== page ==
Birmingham born Thomas Capel Walton Smith created portraits of women with a strongly coloured, clear-cut coherency.
Smith painted in a style clearly influenced by Art Nouveau. Art Nouveau had grown popular from the late 19th century onwards when people began to reject the historicism so adored by the Victorians in favour of new means of artistic expression. Artists wanted to engage with their changing, modern world, creating new, complimentary styles of art.
Smith’s works are imbued with a sense of dynamism very much in the spirit of Art Nouveau. A portrait of a woman is depicted at an interesting angle, slightly lowered so that the woman seems to loom into the space of the canvas. The flowing lines of her fur coat and the helmet-like curve to her head evoke the fluidity of movement appreciated by Art Nouveau artists. Her eyes are hooded, her expression both alluring and yet intriguing. The viewer does not seem to be able to capture the mood behind her eyes. This, again, is reminiscent of more modernist approaches to art, in which psychological introspection became a key tenet.
In other portraits, too, Smith engages with this sense of a snapshot capturing a mere moment in these womens’ days. His use of watercolour soaks his canvases with a strong colourism which is also effective in his simplicity. Plain backgrounds of blue and yellow compliment his sitters, whilst also remaining modern. A portrait of a nurse is an interesting example of Smith combining the freshness of the modern style with a reflection upon the dark events of the First World War and the psychological trauma it brought. Her mouth is pursed, her eyes seem hundreds of miles away. Whilst her uniform is crisp, her skin unblemished, the viewer wonders what horrors this nurse has seen.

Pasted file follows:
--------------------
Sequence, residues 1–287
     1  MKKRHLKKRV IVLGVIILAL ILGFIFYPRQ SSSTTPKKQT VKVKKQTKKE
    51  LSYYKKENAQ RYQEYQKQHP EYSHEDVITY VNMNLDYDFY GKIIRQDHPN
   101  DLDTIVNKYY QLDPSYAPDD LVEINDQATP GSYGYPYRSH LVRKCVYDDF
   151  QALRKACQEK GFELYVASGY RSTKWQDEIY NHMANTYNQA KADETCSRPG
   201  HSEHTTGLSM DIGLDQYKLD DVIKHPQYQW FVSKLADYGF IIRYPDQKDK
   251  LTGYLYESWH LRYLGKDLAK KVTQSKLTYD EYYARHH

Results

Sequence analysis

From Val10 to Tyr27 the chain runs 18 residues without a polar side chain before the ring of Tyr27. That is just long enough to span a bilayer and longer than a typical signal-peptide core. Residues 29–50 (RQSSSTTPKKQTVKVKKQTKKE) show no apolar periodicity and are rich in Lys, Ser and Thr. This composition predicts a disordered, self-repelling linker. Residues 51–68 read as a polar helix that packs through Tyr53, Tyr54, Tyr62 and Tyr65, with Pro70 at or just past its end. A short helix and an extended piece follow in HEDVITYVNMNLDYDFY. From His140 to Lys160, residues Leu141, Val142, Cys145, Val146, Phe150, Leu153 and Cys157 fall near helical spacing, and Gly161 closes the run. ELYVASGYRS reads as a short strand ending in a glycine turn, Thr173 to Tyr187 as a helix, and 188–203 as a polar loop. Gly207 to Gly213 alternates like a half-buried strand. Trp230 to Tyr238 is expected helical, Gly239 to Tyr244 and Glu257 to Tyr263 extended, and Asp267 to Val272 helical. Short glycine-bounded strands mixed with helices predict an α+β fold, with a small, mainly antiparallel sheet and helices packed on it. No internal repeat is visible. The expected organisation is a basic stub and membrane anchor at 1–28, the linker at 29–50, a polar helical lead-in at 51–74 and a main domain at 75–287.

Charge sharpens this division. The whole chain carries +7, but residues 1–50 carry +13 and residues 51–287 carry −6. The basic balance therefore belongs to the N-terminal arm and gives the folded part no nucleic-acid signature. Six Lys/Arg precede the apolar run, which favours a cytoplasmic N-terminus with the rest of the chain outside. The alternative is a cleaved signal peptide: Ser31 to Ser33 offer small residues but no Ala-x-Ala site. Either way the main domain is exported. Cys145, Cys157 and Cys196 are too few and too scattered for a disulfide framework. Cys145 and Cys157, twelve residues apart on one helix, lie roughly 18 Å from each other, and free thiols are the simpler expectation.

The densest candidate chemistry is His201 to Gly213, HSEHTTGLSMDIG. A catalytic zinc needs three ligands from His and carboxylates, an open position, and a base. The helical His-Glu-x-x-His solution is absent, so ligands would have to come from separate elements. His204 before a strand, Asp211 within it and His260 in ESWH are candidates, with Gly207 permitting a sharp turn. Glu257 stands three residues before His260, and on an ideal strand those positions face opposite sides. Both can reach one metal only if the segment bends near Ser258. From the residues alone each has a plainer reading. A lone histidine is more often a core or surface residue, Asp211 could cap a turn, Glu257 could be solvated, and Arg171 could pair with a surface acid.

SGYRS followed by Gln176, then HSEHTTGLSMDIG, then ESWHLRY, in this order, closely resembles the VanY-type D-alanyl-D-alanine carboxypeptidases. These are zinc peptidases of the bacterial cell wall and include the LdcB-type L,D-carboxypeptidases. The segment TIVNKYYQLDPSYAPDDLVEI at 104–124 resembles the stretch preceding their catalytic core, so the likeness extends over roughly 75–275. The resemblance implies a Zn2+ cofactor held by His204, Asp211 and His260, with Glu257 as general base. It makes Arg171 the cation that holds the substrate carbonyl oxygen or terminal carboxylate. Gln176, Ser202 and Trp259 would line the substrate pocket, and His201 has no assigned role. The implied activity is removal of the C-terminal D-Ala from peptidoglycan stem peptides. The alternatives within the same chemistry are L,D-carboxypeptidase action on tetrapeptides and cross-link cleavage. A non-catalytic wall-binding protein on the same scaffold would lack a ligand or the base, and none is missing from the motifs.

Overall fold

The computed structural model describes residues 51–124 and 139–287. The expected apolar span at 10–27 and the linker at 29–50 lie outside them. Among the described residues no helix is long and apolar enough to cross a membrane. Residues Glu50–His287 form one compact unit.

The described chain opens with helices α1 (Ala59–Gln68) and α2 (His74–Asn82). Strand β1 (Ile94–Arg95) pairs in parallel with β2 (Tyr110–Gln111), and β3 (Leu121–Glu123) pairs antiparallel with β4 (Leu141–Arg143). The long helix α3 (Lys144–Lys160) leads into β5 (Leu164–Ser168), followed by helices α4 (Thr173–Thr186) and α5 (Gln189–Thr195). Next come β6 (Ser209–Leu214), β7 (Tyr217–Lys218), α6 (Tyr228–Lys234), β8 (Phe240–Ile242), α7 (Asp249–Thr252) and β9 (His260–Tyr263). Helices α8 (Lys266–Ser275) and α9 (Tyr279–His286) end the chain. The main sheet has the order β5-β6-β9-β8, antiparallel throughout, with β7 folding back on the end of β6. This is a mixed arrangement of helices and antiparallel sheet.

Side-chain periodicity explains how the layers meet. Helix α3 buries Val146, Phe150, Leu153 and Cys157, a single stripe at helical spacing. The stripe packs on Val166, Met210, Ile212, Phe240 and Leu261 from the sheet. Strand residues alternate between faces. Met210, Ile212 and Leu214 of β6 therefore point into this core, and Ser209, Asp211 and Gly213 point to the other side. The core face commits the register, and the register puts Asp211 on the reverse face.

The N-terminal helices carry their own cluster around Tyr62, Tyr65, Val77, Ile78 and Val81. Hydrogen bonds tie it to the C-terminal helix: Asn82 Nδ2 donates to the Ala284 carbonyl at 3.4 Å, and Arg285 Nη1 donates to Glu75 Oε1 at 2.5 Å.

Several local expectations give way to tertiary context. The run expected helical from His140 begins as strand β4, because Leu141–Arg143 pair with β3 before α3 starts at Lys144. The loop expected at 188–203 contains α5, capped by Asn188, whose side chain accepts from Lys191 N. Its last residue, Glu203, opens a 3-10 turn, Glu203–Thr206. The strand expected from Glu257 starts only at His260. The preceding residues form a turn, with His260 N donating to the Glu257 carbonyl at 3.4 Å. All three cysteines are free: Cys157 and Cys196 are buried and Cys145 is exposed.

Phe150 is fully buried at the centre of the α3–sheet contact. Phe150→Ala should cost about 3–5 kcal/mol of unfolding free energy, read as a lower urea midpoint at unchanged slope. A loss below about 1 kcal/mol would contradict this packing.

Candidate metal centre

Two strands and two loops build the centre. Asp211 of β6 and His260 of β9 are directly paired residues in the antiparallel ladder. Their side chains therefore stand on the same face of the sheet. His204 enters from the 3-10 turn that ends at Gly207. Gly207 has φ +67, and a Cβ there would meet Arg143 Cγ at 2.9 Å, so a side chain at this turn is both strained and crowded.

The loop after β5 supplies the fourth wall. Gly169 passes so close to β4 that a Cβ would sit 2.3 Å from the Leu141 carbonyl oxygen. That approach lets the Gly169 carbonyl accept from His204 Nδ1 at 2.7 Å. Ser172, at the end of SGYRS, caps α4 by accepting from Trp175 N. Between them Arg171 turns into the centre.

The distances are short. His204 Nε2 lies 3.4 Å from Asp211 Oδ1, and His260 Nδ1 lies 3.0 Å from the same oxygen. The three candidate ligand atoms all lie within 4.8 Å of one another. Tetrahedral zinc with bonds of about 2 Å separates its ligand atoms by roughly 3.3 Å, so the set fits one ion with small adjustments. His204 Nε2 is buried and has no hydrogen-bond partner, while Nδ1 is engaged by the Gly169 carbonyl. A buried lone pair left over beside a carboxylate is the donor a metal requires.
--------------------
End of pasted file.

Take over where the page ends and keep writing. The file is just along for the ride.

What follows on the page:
Unfortunately, very little else is known about Smith. It seems probable, however, that he would have studied art at the Birmingham School of Art. Founded in 1843, the school was intended to open up arts education to more people. Over the course of the 19th century and into the beginning of the 20th-Century, and Smith’s birth, it had become a respected institution.
It is a shame so very few examples of Smith’s works remain. There is also evidence to suggest Smith pursued a career in metal work and jewellery making, making it likely he gave up painting after the 1930s when his latest piece was produced. Nonetheless, his portraits offer a striking view of a few female faces of the early 20th-Century, executed in a modern, lively manner.
Born in Hay Mills, Birmingham.